Last Curtsey: The End of the Debutantes
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Last Curtsey: The End of the Debutantes

3.47 of 5 stars 3.47  ·  rating details  ·  60 ratings  ·  12 reviews
Filtered through some of its colourful and eccentric inhabitants, from Lady Caroline Lamb in the eighteenth-century to Princess Diana in the twentieth, this work offers a portrait of Britain as both empire and the customs and certainties of the old order came to an end.
Hardcover, 320 pages
Published October 5th 2006 by Faber and Faber (first published January 5th 2006)
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undecided about this book. Interesting subject but poorly executed. After a while the name-dropping just makes your head spin (although it shows the importance of names in this world). Sadly the most interesting part - the careers of the debs post-1958 is confined to a few end pages.
Stephanie Patterson

“The Last Curtsey” was a really satisfying read. Ms. MacCarthy went into the 1958 presentation season knowing that there was a place for her at Oxford in her future.
She describes the history and customs surrounding being presented at court (though I still don’t know why women had to wear those peculiar looking feathers in their hair) and her experiences during the final season in 1958. Queen Elizabeth announced that presentations would cease. Rumor had it that Prince Philip was trying to make...more
This book is a fascinating read; the last formal vestige of the “marriage market”; nowadays conducted with so very much more subtlety and informality; as indicated in Peter York & Ann Barr’s later Sloane Ranger Diary. Perhaps the most important change in the ‘marriage market’ is that since the invention of the contraceptive pill, families have not been required to worry about getting their ‘gals’ to the altar, unsullied. Who could have imagined the consequences to society of the discovery of...more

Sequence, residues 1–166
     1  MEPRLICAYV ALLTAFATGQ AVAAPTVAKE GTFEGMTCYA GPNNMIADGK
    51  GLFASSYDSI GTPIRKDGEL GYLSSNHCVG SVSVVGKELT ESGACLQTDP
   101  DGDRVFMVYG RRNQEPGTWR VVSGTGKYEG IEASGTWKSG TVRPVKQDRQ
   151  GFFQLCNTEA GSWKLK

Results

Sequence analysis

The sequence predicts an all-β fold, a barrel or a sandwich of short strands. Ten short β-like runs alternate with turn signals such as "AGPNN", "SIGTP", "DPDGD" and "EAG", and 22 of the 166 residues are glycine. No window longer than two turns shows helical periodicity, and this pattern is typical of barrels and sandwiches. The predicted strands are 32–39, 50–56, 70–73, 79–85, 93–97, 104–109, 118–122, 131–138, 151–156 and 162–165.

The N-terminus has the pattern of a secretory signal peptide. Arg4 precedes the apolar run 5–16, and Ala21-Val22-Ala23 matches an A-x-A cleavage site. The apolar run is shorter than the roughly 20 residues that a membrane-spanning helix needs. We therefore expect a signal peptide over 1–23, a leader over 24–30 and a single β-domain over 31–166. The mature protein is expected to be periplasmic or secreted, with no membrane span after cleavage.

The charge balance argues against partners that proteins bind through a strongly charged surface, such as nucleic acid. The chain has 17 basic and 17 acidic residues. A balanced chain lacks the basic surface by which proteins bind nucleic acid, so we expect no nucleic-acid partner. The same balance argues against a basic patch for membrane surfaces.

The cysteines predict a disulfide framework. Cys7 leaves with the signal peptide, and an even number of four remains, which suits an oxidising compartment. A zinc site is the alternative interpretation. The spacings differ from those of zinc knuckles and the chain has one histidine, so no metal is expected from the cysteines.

I found this book a lot more interesting than I'd anticipated. It's effectively about the end of an era, the end of the Season, the final débutantes to be presented to the Queen, the changing mores and attitudes of the aristocracy. The death-knell for the aristocracy was effectively cast by the First World War, but its death-throes lingered well into the 50s. In a way, the world painted in this book is more redolent of the pre-WW1 era than the 1950s.

MacCarthy herself was one of the last débutant...more
I bought this book when I was visiting one of the Royal Palaces as I thought it would be an interesting topic. The story of the last year of presentations before the Queen is good as it shows how mixed up Britain was with some people holding on to old traditions while about them things were changing dramatically.

The problem with this book was that it just wasn't clear what the view of the author was or what the focus was. Sometimes it was about the season and sometimes it was about the life of...more
Kate Davis
Fascinating to read about the debutants and their family lifestyles as it is so different to the society now and my family.

However, I felt this book didn't really know what it wanted to be. Was it Fiona MacCarthy's autobiography, was it is a review of the debutants in 1958 or was it a social history of debutants. It also got confusing at times as lots of names were mentioned that meant nothing to me so it was difficult to keep track of everyone.

I enjoyed the book and learnt a lot about the some...more
Erica Chambers
I really enjoyed this book. It is the first book of Fiona MacCarthy's that I have read and I wanted to start with something slim before I took on the bag breaking tomes of William Morris and Byron. I discovered that she has a very accessible writing style.

MacCarthy went through the last official Season in 1958. She justifies the existence of the phenomenon whilst still sighing at the "silliness" of all the behaviours. She has led a pretty privileged lifestyle; but at no point does she seem to t...more
After visitng Kensington Palace and seeing the debutante exhibition - I really looked forward to reading this book. It was enjoyable to read, giving a debutante's view of the last curtsey. However, I did find it a bit too factual at times - lots of name dropping of people who I didn't know and at times it became confusing.
This was not worth reading. I bought it in Scotland, hoping for a social history, meaty analysis. Nope, it was overly precious, self-aggrandizing, and awful. Reinforced debutante stereotypes.
British social history and the changes to the aristocracy after the second world war. An enjoyable read.
A memoir by a member of the last group of young women to be presented at court, in 1958.
An interesting and entertaining read!
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